With 20 years in the military, 14 years in SAS (Special Air Service Regiment), two tours in Vietnam (Australian Task Force) and teaching bush-craft (navigation, tracking, & camping) to boys’ schools, artist Johnny Matten has learned to adapt. He takes scraps of timber and old pieces of metal and turns them into art. Each piece is unique, due to the materials used, most of which are found or dropped off at Johnny’s house.
Johnny’s metal and wood-working shop is located in front of his house. And after 19 years on Molloy Island, located in Western Australia, he has an impressive selection of tools many of which he has made himself.
“I suppose I am an artist,” says Johnny. “I’m in it (metal and wood art) to keep myself busy. Once you retire you have to keep occupied, otherwise you’ll get fat and lazy. I’ve always been good with my hands and wanted to try something new.”
Photo of Johnny Matten with one of his many pieces of metal garden art
Johnny alternates his attentions between woodworking one week and iron work the next.
His woodworking technique is known as ‘Intarsia’, a smooth wooden picture created by different colors of wood in a mosaic-like process. Johnny’s favorite piece is a wooden horse he made out of 138 pieces of wood. He worked on it for three to four hours a day for eight weeks. “It was like a puzzle. All I had was a drawing. It was very difficult to get all of the angles. If one angle was moved the other ones wouldn’t fit. “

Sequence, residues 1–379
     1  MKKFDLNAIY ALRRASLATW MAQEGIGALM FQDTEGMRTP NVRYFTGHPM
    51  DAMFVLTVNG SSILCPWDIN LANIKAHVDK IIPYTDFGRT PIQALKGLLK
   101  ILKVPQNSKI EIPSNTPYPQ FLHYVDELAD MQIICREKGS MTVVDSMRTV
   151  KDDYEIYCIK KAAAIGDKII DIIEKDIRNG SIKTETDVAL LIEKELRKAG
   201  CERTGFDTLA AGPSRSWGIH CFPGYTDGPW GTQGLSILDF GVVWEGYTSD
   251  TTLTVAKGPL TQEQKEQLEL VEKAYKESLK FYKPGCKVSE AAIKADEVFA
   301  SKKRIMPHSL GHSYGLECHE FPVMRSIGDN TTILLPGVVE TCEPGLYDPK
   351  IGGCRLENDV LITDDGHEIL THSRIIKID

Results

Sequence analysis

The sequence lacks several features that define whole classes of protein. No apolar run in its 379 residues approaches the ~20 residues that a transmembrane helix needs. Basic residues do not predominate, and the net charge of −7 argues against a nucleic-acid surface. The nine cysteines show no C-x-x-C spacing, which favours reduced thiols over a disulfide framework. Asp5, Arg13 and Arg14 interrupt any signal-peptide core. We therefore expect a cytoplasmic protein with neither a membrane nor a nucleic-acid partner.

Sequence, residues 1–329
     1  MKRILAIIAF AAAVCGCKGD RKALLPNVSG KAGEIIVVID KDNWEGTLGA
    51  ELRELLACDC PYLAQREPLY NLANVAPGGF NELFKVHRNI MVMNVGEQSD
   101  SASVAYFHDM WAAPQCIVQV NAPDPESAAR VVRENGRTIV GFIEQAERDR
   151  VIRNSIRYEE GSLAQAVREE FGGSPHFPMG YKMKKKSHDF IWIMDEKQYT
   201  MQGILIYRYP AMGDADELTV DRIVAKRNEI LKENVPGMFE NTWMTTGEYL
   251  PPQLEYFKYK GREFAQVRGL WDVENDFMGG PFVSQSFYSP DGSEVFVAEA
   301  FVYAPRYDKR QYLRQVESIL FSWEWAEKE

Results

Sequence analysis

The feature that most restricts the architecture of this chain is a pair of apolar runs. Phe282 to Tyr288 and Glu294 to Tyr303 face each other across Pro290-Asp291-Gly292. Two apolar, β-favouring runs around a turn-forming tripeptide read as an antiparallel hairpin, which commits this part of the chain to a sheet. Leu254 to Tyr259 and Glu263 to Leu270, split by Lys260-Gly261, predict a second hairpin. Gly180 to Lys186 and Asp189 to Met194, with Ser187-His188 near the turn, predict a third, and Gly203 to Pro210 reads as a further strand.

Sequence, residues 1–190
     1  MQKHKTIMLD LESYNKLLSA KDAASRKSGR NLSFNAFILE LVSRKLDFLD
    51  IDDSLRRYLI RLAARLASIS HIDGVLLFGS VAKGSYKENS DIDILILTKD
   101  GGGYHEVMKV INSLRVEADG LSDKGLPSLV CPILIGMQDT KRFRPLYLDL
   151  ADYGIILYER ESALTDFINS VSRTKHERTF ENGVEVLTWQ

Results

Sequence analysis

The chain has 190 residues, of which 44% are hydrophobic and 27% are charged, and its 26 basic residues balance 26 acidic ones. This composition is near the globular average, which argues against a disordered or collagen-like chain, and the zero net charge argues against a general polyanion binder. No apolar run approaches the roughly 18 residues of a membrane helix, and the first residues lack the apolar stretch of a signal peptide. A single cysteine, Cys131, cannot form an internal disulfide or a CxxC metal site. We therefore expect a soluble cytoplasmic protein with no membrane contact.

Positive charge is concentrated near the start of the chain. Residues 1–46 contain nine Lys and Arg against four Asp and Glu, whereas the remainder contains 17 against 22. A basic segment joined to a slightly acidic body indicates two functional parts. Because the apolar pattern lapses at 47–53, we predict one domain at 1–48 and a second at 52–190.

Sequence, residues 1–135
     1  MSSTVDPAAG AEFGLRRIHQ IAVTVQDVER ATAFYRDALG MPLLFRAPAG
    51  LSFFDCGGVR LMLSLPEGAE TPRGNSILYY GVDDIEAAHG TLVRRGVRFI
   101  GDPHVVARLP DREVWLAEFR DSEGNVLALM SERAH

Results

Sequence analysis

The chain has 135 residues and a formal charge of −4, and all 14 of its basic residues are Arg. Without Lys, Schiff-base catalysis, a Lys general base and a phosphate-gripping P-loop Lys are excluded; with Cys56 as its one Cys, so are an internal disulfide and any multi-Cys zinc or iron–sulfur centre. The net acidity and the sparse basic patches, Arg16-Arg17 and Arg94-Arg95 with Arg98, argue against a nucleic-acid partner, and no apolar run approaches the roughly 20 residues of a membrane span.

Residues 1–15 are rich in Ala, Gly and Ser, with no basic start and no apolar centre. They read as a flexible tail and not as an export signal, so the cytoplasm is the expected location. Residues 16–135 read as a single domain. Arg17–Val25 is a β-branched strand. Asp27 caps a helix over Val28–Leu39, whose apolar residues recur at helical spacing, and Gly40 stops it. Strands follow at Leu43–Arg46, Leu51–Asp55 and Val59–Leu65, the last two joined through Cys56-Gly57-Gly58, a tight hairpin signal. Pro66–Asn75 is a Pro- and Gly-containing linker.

Says Johnny, “With the metal garden art I make, I never have two pieces that are the same.” Johnny repurposes scraps of metal that he finds or that are given to him. “A lot of the people’s gas bottles come in here, I decant them, so they’re safe and I’ll burn all of the paint and galvanizing off and work from there.”
“Most of the junk on the island comes through my place and back out again.” Neighbors often stop by to admire or buy Johnny’s pieces, and some he donates to the non-profit group the Red Hatters.
When it comes to his metal yard art Johnny says, “I found that when you’re making animals or creatures, the most important part is the head or face. Let’s say I want to make a bird. I look around and think, what do I have to make a bird with what sort of bird and how will the wings and beak look? I go down there to my shop and it’s my happy place.”
On Australia’s ANZAK* Day, Tuesday April 25, Molloy Island will have Johnny read the Ode, the fourth stanza of a poem for the fallen, written by Laurence Binyon, during WWI.
*ANZAC stands for Australian and New Zealand Army Corps. The soldiers in those forces became known as ANZACs. ANZAC Day is a commemoration of the anniversary of the landing of Australian and New Zealand troops at Gallipoli, Turkey, on April 25. 1915.